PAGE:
Sitting proudly on the line of Hadrian’s Wall in northern England, just south of the Scottish border, the Roman fort of Vindolanda has dominated the landscape for nearly 2,000 years. Originally built to guard Stanegate, the literal “ stone road ” built by the Romans which ran from the River Tyne to the Solway Firth, today it is situated near the village of Bardon Mill. The desolate location must have felt then, and today, a long way from Rome. Vindolanda is one of the most famous Roman sites in England, not just because it is a remarkable Roman site, but also because it has been at the forefront of pioneering archaeology for decades. More is known about the Romans that lived and died at Vindolanda than at any other Roman site in Europe.
Hadian, Agricola and Tacitus – last three on the right – among Roman generals and emperors in this frieze from the Great Hall of the National Galleries Scotland by William Brassey Hole (1897) ( Public Domain)
Wooden Forts of Vindolanda
Vindolanda’s long history began in about 85 AD when the earliest forts were built on the site. These early buildings were constructed of turf and wood and today lie four meters (13 feet) below the surface in waterlogged anoxic soil. A year earlier in 84 AD the Roman author Tactius relates how the Roman governor general Agricola defeated a powerful British tribe, the Caledonii, at Mons Graupius in northern England and went on to press into Scotland. That same year however Agricola was recalled to Rome by Emperor Domitian and maintaining Rome’s presence in Scotland became impossible. The army withdrew back to the area of what is now Hadrian’s Wall and it was in this context that the first fort at Vindolanda was constructed.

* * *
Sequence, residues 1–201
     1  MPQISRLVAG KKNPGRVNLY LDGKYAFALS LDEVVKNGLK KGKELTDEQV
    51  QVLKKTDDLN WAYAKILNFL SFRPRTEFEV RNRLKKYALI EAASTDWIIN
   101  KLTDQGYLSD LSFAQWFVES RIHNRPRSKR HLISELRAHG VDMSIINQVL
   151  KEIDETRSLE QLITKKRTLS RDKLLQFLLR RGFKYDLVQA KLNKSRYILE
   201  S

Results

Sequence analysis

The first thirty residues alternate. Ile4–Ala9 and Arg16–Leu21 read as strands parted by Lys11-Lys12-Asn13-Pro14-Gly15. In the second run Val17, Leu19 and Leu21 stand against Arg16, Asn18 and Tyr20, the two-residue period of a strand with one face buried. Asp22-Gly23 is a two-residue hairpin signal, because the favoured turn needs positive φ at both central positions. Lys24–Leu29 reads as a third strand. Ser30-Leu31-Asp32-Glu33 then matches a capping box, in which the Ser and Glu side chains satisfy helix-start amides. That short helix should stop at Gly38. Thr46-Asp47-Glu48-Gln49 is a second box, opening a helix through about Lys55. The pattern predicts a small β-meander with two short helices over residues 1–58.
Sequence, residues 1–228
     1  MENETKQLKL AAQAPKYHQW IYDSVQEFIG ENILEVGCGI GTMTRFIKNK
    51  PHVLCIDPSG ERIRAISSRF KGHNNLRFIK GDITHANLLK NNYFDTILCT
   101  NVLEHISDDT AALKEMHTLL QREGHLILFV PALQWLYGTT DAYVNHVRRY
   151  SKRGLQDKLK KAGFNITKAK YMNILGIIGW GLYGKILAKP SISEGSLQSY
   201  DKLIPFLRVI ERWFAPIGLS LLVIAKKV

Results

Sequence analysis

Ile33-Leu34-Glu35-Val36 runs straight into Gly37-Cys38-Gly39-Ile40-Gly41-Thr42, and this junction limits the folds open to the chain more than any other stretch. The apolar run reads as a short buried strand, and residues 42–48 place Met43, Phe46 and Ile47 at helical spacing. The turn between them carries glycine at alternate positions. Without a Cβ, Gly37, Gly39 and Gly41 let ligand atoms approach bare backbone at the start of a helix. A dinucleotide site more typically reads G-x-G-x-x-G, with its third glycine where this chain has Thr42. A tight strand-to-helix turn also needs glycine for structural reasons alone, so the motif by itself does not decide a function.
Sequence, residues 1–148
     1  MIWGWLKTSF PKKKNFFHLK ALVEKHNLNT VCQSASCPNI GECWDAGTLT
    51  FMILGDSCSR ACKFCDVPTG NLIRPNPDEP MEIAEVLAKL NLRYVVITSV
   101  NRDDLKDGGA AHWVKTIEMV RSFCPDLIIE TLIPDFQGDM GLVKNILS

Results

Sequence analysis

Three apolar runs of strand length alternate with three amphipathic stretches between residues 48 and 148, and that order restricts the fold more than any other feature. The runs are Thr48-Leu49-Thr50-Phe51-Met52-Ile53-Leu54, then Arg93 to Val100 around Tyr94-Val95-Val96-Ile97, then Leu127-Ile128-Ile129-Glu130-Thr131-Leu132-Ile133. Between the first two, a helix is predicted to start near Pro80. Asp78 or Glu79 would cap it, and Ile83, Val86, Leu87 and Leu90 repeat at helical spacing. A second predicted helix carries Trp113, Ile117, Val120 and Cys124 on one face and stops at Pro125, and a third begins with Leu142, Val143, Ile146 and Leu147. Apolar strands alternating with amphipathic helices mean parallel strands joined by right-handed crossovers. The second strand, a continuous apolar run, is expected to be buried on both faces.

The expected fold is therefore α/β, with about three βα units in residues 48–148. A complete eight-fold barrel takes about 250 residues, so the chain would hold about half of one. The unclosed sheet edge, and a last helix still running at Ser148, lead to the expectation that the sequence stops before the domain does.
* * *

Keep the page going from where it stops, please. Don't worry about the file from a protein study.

This first fort was most likely built by the first cohort of Tungrians, an auxiliary unit of about 1,000 men who originally came from Gallia Belgica. The name and presence of their prefect Iulius Verecundus at Vindolanda in around 92 AD has been attested to by archaeological finds. Ten years later in 95 AD this early fort was replaced by a second, built on a larger scale by the ninth cohort of Batavians, men originally from an area around the Dutch-Rhine delta. This fort itself required repairs in 100 AD and was evidently not fit for purpose because when the ninth cohort departed five years later their fort was torn down rather than being repaired again.
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Rebecca Batley has a Bachelor’s degree in archaeology (University of Wales) and a Master’s degree in Classics. In the field she has worked on sites dating to the Bronze Age, Iron Age, Romano-British, Roman, Medieval, Tudor, Georgian and modern periods. Employed by the Louvre Museum, she researched and excavated at sites in Egypt, Syria, and Israel. She works at the Military Intelligence Archive to help to prepare World War One records for cataloguing and digitalisation and she is a part time History tutor.
By: Rebecca Batley